Using Your Phone to Help the Environment

June 2, 2015

Using your phone to help the environment

We are a big fan of trying to switch off when getting outside but that’s not to say your phone isn’t useful – it is.

The most obvious is that your phone could save you in an emergency but also you can use your phone for geocaching, which is a great activity that helps get kids hiking outside.

Well now there’s another use of your phone: ARC Explorer.

Not just a walking route app

Walking routes on the ARC Explorer app
On first impressions you may be forgiven for thinking this is an app that helps you find walking routes.

Again, this can be another good use of your phone, but actually the ARC Explorer app goes a lot further than that…

Become a Citizen Scientist

The clue is that this app has been developed with the Royal Society for the Protection of Birds.

You use the app to record sightings of different birds and animals. With lots of people recording sightings, scientists can build up a good picture on the state of the species and the environment.

You can also use the app to record any damage you see, helping problems get resolved sooner.

Using ARC Explorer

Identifying Plans and Animals

Using ARC Explorer to identify the correct species
To help you identify the correct species, the app comes with a reference guide so that you can spot the correct things when you are out on your walk.

Click here to download a PDF version of their species list.

The Downside

We think this app is a fantastic idea.

Unfortunately it is only currently available for the Arun & Rother areas….ARC stands for the Arun and Rother Connections, which is an education programme created for Key Stage 2 pupils in the area.

So if you’re in the area, download the app and see what you can spot.

A Lot of Potential – Could Organisations Collaborate?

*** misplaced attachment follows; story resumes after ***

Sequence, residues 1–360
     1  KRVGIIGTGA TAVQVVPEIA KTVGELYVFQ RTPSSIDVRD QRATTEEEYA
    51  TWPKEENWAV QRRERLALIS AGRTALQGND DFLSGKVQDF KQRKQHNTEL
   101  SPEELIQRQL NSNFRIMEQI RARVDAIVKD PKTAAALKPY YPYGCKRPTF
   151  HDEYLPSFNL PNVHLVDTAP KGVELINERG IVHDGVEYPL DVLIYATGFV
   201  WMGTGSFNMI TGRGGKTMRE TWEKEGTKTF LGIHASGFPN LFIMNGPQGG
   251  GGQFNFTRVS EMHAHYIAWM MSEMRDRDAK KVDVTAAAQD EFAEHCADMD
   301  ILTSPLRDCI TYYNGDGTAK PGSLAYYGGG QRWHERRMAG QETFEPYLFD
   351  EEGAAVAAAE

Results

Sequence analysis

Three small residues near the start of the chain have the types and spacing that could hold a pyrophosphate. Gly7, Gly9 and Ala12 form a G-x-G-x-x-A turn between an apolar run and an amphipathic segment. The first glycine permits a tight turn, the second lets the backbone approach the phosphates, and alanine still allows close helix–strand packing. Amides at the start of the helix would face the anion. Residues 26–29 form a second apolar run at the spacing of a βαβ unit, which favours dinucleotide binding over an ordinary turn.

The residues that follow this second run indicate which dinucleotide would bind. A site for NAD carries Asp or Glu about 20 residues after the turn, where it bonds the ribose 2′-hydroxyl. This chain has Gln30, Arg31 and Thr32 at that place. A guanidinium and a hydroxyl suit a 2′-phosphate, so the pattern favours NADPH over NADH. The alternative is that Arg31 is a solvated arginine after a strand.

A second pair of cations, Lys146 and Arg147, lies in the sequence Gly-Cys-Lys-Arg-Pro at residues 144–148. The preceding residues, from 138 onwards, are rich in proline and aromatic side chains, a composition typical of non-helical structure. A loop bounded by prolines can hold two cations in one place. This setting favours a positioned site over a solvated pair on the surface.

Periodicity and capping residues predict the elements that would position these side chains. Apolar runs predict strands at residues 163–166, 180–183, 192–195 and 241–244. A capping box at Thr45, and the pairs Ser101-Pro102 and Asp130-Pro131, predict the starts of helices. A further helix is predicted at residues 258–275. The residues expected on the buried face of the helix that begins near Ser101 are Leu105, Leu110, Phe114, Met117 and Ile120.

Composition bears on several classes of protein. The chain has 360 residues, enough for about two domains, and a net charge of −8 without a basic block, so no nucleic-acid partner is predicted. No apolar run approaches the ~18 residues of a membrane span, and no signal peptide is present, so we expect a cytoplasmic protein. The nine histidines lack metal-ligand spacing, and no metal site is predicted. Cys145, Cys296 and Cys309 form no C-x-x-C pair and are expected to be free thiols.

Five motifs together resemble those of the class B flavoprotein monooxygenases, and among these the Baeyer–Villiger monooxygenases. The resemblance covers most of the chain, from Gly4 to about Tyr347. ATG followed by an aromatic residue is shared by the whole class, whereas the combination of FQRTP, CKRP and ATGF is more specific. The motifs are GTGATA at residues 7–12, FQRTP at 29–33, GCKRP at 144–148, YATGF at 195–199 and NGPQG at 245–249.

Using the Forestry Commission's app to identify trees
We think this app is a fantastic idea, but imagine if the app combined information from a number of organisations, with each organisation being able to see what people reported in its landscape. For example, I could see this working well for the RSPB, the National Trust, the Woodland Trust, the Forestry Commission, and even the Canal and River Trust.

You can already use the Forestry Commission app to identify trees, but wouldn’t it be good if you had one app to help identify everything.

Link it up with each organisation’s big list of trails, use technology like iFootpath to record new walks and share them, with mapping technology from the OS, and now the app is reaching a lot more people.

Throw in some challenges and information from the Woodland Trust’s Nature Detectives and now you’d have an app that families can use, with perhaps activities to spot different wildlife depending on the region they were in and the time of year.

Now that would be useful for parents, educational for kids, useful for scientists, and helpful to each organisation managing the landscape.

Hmm…. may be a future Get Out With The Kids app?  😉


I’ve since discovered a new app where you can take photos and upload them with the photo’s GPS position so that scientists can get a view of biodiversity in an area.

What’s more, if you are having trouble identifying something, the community on there will help identify what you spot.

Click here to find out more.


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Gav Grayston Contributor

Father to 3 kids, who loves getting out and about (hiking, running, camping, cycling, canoeing...) Co-founded Get Out With The Kids to help other parents enjoy the outdoors with their family.

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